Navy to Christen Littoral Combat Ship Indianapolis
The Navy will christen its newest Freedom-variant littoral combat ship, USS Indianapolis (LCS 17), during a 10:00 a.m. CDT ceremony Saturday, April 14, in Marinette, Wisconsin.
The future USS Indianapolis, designated LCS 17, honors Indianapolis, Indiana’s state capital. She will be the fourth ship to bear the name.
The principal speaker will be former U.S. Senator Richard Lugar of Indiana. Mrs. Jill Donnelly, wife of U.S. Senator Joe Donnelly of Indiana, will serve as the ship’s sponsor. In a time-honored Navy tradition, she will christen the ship by breaking a bottle of sparkling wine across the bow.
“The future USS Indianapolis honors more than a city, it pays tribute to the legacy of those who served during the final days of World War II on board USS Indianapolis (CA-35),” said Secretary of the Navy Richard V. Spencer. “This ship will continue the proud legacy of service embodied in the name Indianapolis, and is a testament to the true partnership between the Navy and industry.”
LCS-17 is the fourth ship to carry the name of Indiana's capital city. The most recent Indianapolis was a Los Angeles-class fast-attack submarine, commissioned Jan. 5, 1980, which served through the end of the Cold War before being decommissioned in 1998. The first Indianapolis was a steamer built for the U.S. Shipping Board (USSB) and commissioned directly into the Navy in 1918. After two runs to Europe, the ship was returned to the USSB following the war. It is the second Indianapolis (CA 35)—a cruiser—that is perhaps the best known of the three. The ship was sunk in the final days of World War II, and her crew spent several days in the water awaiting rescue. But it was her impressive war record that first brought the ship to the attention of Navy leaders and the American public. The ship and her crew served faithfully throughout the war, seeing action in the Aleutians, the Gilbert Islands, Saipan, the Battle of the Philippine Sea, Iwo Jima and Okinawa. In addition to frequently serving as the flagship of the U.S. Fifth Fleet, the ship earned 10 battle stars for World War II service and successfully completed a top secret mission delivering components of the instrument that ended the war.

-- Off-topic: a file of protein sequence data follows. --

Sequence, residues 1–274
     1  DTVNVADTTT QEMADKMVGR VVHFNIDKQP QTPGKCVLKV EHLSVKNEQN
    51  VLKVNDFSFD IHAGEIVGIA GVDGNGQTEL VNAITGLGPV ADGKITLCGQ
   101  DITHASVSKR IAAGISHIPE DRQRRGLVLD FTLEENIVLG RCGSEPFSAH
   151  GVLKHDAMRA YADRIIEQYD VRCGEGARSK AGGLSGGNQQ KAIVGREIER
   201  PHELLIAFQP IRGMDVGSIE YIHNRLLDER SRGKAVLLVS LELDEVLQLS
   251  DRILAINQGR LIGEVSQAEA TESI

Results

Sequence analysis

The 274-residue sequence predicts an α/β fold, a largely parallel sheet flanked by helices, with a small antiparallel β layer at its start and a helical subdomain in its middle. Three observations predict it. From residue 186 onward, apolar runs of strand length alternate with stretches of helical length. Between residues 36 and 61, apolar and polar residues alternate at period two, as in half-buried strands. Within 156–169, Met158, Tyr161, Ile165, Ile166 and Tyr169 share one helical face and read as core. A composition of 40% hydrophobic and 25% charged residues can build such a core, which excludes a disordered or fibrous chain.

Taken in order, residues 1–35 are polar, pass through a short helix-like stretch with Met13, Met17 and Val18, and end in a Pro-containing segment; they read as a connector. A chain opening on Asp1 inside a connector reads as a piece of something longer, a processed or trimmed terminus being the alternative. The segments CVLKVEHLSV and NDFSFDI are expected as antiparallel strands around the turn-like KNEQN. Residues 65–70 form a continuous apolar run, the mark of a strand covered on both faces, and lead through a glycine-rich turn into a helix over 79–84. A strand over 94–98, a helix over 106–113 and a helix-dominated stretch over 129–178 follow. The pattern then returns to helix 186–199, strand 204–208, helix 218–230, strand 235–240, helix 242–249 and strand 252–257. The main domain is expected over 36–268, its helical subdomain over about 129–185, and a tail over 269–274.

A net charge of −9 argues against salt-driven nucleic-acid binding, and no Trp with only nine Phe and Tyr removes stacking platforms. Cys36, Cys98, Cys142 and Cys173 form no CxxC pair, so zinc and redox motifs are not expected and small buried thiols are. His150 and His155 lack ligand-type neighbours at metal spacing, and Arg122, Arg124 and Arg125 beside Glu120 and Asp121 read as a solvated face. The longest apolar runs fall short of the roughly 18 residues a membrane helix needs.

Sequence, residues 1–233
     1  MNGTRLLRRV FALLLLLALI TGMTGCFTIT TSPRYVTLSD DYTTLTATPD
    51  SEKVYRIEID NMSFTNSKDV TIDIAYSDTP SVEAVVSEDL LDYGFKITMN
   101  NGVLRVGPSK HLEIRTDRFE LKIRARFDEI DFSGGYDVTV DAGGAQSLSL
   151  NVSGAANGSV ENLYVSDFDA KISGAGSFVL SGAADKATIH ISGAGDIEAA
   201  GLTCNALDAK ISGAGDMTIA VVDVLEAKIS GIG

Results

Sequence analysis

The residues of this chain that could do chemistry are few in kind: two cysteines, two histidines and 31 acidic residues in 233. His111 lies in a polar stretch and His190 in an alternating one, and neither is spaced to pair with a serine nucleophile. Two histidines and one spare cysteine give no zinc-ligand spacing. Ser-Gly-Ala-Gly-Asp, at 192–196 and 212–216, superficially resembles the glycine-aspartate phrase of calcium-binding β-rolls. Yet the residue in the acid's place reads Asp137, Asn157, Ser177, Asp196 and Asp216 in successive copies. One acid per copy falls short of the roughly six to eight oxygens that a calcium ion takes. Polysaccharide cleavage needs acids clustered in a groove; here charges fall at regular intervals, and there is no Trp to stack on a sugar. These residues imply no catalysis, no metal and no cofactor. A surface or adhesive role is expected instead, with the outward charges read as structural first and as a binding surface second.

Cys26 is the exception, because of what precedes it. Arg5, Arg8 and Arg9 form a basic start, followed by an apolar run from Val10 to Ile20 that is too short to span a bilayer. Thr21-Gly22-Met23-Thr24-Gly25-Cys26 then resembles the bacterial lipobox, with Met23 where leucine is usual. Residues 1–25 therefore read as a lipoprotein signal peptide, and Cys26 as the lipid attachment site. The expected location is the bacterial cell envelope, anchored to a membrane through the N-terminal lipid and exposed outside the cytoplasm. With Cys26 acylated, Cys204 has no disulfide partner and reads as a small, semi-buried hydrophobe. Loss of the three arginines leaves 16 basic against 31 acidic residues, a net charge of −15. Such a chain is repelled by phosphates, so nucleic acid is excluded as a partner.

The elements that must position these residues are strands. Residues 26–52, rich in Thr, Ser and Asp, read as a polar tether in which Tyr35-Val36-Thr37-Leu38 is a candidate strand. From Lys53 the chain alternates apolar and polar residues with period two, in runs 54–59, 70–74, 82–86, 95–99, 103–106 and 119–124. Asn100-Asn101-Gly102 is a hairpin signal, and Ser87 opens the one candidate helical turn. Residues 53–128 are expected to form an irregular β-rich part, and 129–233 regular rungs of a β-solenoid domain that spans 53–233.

The future USS Indianapolis is a fast, agile, focused-mission platform designed for operation in near-shore environments yet capable of open-ocean operation. It is designed to defeat asymmetric “anti-access” threats such as mines, quiet diesel submarines and fast surface craft.
LCS is a modular, reconfigurable ship, designed to meet validated fleet requirements for surface warfare (SUW), anti-submarine warfare (ASW) and mine countermeasures (MCM) missions in the littoral region. An interchangeable mission package is embarked on each LCS and provides the primary mission systems in one of these warfare areas. Using an open architecture design, modular weapons, sensor systems and a variety of manned and unmanned vehicles to gain, sustain and exploit littoral maritime supremacy, LCS provides U.S. joint force access to critical areas in multiple theaters.
The LCS class consists of two variants, the Freedom variant and the Independence variant, designed and built by two industry teams. The Freedom variant team is led by Lockheed Martin (for the odd-numbered hulls). The Independence variant team is led by Austal USA (for LCS 6 and the subsequent even-numbered hulls).
Media may direct queries to the Navy Office of Information at (703) 697-5342. For more information about the Littoral Combat Ship class: http://www.navy.mil/navydata/fact_display.asp?cid=4200&tid=1650&ct=4